Zhou v. Peng, 286 F. Supp. 2d 255 (S.D.N.Y. 2003)

US District Court for the Southern District of New York - 286 F. Supp. 2d 255 (S.D.N.Y. 2003)
September 30, 2003

286 F. Supp. 2d 255 (2003)

Feng Suo ZHOU, Gang Liu, Yan Xiong, Dan Wang, and John Doe, on his own behalf, and on behalf of the estate of his deceased sister Jane Doe, Plaintiffs,
v.
Li PENG, Defendant.

No. 00 CIV.6446(WHP).

United States District Court, S.D. New York.

September 30, 2003.

*256 *257 Beth Stephens, Jennifer M. Green, Shayana Kadidal, Center for Constitutional Rights, New York City, for Plaintiffs.

David S. Jones, United States Attorney's Office, New York City, for defendant.

 

MEMORANDUM AND ORDER

PAULEY, District Judge.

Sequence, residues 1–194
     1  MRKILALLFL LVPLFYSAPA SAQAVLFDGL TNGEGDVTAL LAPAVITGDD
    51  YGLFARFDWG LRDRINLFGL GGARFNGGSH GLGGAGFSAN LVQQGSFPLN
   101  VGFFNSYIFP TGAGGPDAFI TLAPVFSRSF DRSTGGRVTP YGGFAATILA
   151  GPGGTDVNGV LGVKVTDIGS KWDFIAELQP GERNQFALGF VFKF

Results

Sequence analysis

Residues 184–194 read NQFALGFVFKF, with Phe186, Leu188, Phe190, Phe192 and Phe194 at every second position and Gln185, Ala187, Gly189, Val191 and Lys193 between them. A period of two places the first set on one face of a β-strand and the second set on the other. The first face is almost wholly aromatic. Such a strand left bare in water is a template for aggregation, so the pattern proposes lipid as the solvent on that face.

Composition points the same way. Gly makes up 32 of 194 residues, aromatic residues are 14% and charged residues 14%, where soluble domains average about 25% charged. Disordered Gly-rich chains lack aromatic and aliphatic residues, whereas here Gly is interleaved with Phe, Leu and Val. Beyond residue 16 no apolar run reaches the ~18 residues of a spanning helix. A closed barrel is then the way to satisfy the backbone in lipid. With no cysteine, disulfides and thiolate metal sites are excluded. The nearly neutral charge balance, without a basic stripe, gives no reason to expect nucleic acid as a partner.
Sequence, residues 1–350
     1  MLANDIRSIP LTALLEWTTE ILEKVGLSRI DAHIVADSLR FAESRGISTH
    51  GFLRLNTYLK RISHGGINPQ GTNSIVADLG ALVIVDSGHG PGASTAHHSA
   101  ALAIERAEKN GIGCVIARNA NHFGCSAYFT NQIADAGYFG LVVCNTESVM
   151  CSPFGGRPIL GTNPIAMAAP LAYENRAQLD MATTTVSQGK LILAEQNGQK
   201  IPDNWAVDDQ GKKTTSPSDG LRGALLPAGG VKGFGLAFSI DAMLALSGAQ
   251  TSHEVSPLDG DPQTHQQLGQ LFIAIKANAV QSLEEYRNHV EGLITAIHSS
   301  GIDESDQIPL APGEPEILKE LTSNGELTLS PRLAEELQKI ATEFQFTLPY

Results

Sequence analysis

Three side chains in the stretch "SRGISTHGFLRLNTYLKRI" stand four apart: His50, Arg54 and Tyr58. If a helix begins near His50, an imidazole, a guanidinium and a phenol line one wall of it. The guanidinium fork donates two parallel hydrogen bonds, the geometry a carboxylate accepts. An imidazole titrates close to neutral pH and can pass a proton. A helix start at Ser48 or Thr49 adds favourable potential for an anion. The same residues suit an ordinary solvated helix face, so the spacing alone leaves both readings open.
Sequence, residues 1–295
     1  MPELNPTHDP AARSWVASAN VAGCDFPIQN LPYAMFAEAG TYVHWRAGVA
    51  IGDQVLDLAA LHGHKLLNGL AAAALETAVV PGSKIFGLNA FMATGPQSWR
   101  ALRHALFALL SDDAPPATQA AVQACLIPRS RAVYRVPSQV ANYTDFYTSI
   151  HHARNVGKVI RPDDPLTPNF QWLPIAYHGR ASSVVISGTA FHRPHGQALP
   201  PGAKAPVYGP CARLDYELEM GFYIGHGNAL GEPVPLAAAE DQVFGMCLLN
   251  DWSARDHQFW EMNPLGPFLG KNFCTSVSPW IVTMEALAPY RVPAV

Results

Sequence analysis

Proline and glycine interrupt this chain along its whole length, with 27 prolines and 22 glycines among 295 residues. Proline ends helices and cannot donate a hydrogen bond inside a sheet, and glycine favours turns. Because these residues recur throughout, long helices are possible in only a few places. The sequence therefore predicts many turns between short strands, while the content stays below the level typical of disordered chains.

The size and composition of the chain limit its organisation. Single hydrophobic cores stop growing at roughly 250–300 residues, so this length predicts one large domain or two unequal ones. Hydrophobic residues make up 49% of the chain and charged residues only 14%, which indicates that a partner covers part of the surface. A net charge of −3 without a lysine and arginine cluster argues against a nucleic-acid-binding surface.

This action stems from the 1989 Tiananmen Square protests in Beijing, the People's Republic of China. Plaintiffs were student participants in that demonstration, who now allege claims under the Alien Tort Claims Act, 28 U.S.C. § 1350, the Torture Victim Protection Act of 1991, Pub.L. No. 102-256, 106 Stat. 73 (1992), codified at 28 U.S.C. § 1350 note (2003), and various other laws, international treaties, agreements and conventions. On August 8, 2002, this Court issued a Memorandum and Order upholding plaintiffs' service of process on defendant Li Peng, who at the time of the protests was the Premier of the People's Republic of China, and most recently served as President of the National People's Congress. See Feng Suo Zhou v. Li Peng, No. 00 Civ. 6446(WHP), 2002 WL 1835608 (S.D.N.Y. Aug.8, 2002). That service was predicated on an order signed by District Judge Richard Conway Casey sitting as the Part I Judge for this Court on August 30, 2000, which permitted substituted service on Li Peng through the United States Department of State Security Detail protecting him. The issue now before this Court is whether the Part I Order should be vacated because it (1) violated the United States Government's sovereign immunity, and (2) was impermissible under the separation of powers doctrine.[1] For the reasons stated below, this Court finds that the Part I Order violated the Government's sovereign immunity and thus must be vacated.[2]